A summary of every test performed on the part. This summary is usually on a form
of DVP&R (Design Verification Plan and Report), which lists each individual test,
when it was performed, the specification, results and the assessment pass/fail. If
there is an Engineering Specification, usually it is noted on the print. The DVP&R
shall be reviewed and signed off by both customer and supplier engineering
groups. The quality engineer will look for a customer signature on this document.
In addition, this section lists all material certifications (steel, plastics, plating, etc.),
as specified on the print. The material certification shall show compliance to the
specific call on the print.
11. Initial Sample Inspection Report
The report for material samples which is initially inspected before prototype made
12. Initial Process Studies
Usually this section shows all Statistical Process Control charts affecting the most
critical characteristics. The intent is to demonstrate that critical processes have
stable variability and that is running near the intended nominal value.
13. Qualified Laboratory Documentation
Copy of all laboratory certifications (e.g. A2LA, TS) of the laboratories that
performed the tests reported on section 10.
14. Appearance Approval Report
A copy of the AAI (Appearance Approval Inspection) form signed by the customer.
Applicable for components affecting appearance only.
15. Sample Production Parts
A sample from the same lot of initial production run. The PPAP package usually
shows a picture of the sample and where it is kept (customer or supplier).

16. Master Sample


A sample signed off by customer and supplier, that usually is used to train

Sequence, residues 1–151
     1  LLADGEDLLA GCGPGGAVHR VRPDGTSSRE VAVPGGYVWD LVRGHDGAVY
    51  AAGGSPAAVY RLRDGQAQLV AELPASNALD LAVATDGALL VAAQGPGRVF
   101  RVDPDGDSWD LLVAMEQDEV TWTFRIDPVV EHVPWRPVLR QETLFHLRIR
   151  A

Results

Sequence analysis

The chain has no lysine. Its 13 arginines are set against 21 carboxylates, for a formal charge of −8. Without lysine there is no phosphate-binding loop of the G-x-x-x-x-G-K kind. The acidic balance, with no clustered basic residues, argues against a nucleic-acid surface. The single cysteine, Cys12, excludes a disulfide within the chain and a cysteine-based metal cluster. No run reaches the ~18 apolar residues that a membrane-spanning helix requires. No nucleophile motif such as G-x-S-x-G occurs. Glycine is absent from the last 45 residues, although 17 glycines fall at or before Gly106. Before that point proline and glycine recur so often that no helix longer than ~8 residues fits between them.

operators on subjective inspections such as visual or for noise.
17. Checking Aids
When there are special tools for checking parts, this section shows a picture of the
tool and calibration records, including dimensional report of the tool.
18. Customer-Specific Requirements
Each customer may have specific requirements to be included on the PPAP
package. It is a good practice to ask the customer for PPAP expectations before
even quoting for a job. North America auto makers OEM (Original Equipment
Manufacturer) requirements are listed on the IATF website.
19. Part Submission Warrant (PSW)
This is the form that summarizes the whole PPAP package. This form shows the
reason for submission (design change, annual revalidation, etc.) and the level of
documents submitted to the customer. There is a section that asks for "results
meeting all drawing and specification requirements: yes/no" refers to the whole
package. If there is any deviations the supplier should note on the warrant or
inform that PPAP cannot be submitted.
PPAP requirements are typically distinguished by level as follows:
PPAP Submission Levels
Level 1 - Part Submission Warrant (PSW) only submitted to the customer.
Level 2 - PSW with product samples and limited supporting data.
Level 3 - PSW with product samples and complete supporting data.
Level 4 - PSW and other requirements as defined by the customer.
Level 5 - PSW with product samples and complete supporting data available for review at
the supplier's manufacturing location.